Continuum and line modelling of discs around young stars
II. Line diagnostics for GASPS from the DENT grid
Kapteyn Astronomical Institute, Postbus 800, 9700 AV Groningen, The Netherlands
2 UK Astronomy Technology Centre, Royal Observatory, Edinburgh, Blackford Hill, Edinburgh EH9 3HJ, UK
3 UJF-Grenoble 1/CNRS-INSU, Institut de Planétologie et d’Astrophysique de Grenoble (IPAG) UMR 5274, 38041 Grenoble Cedex 9, France
4 School of Physics & Astronomy, University of St. Andrews, North Haugh, St. Andrews KY16 9SS, UK
5 SUPA, Institute for Astronomy, Royal Observatory, Edinburgh, Blackford Hill, Edinburgh EH9 3HJ, UK
6 Astronomy Department, University of California, Berkeley, CA 94720-3411, USA
Received: 23 December 2010
Accepted: 16 March 2011
Aims. We want to understand the chemistry and physics of discs on the basis of a large unbiased and statistically relevant grid of disc models. One of the main goals is to explore the diagnostic power of various gas emission lines and line ratios for deriving main disc parameters such as the gas mass.
Methods. We explored the results of the DENT grid (Disk Evolution with Neat Theory) that consists of 300 000 disc models with 11 free parameters. Through a statistical analysis, we searched for correlations and trends in an effort to find tools for disc diagnostic.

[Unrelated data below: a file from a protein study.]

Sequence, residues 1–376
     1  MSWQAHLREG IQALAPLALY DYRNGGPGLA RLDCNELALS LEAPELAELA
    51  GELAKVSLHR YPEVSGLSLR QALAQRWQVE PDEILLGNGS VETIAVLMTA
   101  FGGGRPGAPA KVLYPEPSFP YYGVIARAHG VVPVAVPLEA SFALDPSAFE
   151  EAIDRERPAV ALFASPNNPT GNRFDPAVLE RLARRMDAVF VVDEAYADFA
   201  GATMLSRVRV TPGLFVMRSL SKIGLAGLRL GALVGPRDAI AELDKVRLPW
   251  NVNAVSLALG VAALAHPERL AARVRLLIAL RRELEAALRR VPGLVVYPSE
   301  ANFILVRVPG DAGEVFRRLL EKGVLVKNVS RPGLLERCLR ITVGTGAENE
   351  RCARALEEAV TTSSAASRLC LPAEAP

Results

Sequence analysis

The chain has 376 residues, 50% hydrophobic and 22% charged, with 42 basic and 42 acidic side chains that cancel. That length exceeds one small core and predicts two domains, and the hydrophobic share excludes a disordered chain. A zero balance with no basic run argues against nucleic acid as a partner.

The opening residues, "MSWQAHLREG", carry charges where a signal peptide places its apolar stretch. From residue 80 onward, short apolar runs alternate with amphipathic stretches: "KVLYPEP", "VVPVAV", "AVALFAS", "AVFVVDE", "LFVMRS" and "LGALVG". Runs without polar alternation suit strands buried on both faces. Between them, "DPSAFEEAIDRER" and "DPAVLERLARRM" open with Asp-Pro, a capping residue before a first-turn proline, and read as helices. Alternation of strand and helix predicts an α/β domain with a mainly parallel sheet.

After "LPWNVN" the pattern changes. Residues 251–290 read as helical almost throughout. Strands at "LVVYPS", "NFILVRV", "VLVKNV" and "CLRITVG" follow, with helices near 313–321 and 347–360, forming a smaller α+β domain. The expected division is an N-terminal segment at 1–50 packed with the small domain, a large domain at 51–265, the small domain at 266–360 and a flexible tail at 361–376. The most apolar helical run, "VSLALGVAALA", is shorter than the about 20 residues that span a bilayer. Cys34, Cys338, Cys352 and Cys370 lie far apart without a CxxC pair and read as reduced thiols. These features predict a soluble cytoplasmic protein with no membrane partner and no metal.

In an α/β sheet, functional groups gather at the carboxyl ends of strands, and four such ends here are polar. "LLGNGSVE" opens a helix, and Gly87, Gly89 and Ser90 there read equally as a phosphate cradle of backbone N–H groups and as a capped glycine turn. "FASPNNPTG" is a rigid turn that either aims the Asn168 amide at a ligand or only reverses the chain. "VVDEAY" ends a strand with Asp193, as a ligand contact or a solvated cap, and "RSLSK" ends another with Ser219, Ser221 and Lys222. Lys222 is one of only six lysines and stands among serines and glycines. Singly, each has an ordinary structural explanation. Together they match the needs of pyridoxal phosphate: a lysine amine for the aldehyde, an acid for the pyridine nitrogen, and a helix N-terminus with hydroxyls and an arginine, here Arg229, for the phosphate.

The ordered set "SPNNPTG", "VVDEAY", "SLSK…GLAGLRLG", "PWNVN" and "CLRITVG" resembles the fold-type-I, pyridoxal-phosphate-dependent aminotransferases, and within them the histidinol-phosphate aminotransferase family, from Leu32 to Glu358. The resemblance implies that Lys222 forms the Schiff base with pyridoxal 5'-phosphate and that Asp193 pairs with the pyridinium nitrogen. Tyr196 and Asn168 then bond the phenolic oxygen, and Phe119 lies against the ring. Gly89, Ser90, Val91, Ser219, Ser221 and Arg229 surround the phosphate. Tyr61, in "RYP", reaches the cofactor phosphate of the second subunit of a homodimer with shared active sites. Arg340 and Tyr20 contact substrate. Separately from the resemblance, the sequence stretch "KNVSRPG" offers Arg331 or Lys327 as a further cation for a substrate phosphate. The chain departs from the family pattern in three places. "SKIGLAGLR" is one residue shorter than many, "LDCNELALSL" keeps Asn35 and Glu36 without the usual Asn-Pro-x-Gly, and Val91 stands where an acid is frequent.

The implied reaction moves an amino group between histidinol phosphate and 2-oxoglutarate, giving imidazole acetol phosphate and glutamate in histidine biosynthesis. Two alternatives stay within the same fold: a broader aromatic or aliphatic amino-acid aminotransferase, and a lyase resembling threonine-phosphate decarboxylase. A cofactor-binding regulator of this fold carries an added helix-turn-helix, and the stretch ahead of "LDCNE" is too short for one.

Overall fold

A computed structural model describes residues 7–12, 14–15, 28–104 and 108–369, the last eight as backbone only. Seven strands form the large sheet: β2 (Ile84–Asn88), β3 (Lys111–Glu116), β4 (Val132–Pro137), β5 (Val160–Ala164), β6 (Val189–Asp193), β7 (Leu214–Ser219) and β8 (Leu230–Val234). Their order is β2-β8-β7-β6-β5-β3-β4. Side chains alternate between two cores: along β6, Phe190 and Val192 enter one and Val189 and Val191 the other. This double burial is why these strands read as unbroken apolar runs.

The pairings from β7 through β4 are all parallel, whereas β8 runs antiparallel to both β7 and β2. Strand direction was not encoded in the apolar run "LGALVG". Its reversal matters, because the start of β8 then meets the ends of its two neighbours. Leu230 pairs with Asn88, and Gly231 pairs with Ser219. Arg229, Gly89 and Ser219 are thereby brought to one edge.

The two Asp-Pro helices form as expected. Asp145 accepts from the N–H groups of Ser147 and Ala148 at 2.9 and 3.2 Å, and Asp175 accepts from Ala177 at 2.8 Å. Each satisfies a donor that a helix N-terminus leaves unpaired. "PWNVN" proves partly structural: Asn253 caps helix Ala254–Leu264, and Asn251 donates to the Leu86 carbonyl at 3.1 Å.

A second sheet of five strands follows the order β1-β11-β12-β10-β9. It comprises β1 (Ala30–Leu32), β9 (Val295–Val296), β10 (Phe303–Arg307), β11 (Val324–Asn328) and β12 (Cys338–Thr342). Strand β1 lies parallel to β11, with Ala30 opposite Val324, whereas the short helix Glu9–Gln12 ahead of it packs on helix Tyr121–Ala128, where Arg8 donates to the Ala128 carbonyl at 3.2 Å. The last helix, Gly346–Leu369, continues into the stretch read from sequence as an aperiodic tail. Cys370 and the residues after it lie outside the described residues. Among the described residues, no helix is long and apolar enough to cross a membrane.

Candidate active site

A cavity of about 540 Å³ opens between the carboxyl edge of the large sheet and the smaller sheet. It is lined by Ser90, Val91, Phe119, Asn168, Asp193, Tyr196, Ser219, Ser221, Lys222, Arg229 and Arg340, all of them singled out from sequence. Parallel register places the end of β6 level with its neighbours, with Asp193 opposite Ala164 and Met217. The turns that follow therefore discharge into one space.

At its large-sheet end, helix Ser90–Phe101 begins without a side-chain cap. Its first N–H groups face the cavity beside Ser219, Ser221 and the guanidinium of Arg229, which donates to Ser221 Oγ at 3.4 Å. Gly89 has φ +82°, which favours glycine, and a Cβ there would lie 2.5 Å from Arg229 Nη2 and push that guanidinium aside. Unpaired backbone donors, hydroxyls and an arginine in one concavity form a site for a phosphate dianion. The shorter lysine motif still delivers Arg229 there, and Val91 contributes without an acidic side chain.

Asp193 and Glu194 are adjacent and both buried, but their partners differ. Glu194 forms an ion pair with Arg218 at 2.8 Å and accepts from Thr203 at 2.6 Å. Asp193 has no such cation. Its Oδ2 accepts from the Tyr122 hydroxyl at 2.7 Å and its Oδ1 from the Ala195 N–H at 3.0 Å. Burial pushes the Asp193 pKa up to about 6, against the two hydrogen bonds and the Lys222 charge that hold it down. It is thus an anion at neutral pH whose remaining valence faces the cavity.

Results. All calculated quantities like species masses, temperatures, continuum, and line fluxes differ by several orders of magnitude across the entire parameter space. The broad distribution of these quantities as a function of input parameters shows the limitation of using a prototype T Tauri or Herbig Ae/Be disc model. The statistical analysis of the DENT grid shows that CO gas is rarely the dominant carbon reservoir in discs. Models with large inner radii (10 times the dust condensation radius) and/or shallow surface density gradients lack massive gas-phase water reservoirs. Also, 60% of the discs have gas temperatures averaged over the oxygen mass in the range between 15 and 70 K; the average gas temperatures for CO and O differ by less than a factor two. Our study of the observational diagnostics shows that the [C ii] 158 μm fine structure line flux is very sensitive to the stellar UV flux and presence of a UV excess, and that it traces the outer disc radius (Rout). In the submm, the CO low J rotational lines also trace Rout. Low [O i] 63/145 line ratios (<a few) can be explained with cool atomic O gas in the uppermost surface layers leading to self-absorption in the 63 μm line. This occurs mostly for massive non-flaring, settled disc models without UV excess. A combination of the [O i] 63 line and low J CO lines correlates with several disc properties, such as the average O i gas temperature in discs, the outer disc radius, and the UV excess.
Conclusions. The [O i] 63/CO 2−1 line ratio is a powerful diagnostic for breaking disc modelling degeneracies. A combination of the [O i] 63 μm flux and the [O i] 63/CO 2−1 line ratio can be used for Mgas ≤ 10-3 M⊙ to obtain an order of magnitude estimate for the disc gas mass purely from gas observations. The previously used conversion of a CO submm line flux alone generally leads to larger uncertainties.
Key words: astrochemistry / circumstellar matter / stars: formation / radiative transfer / methods: numerical / line: formation
© ESO, 2011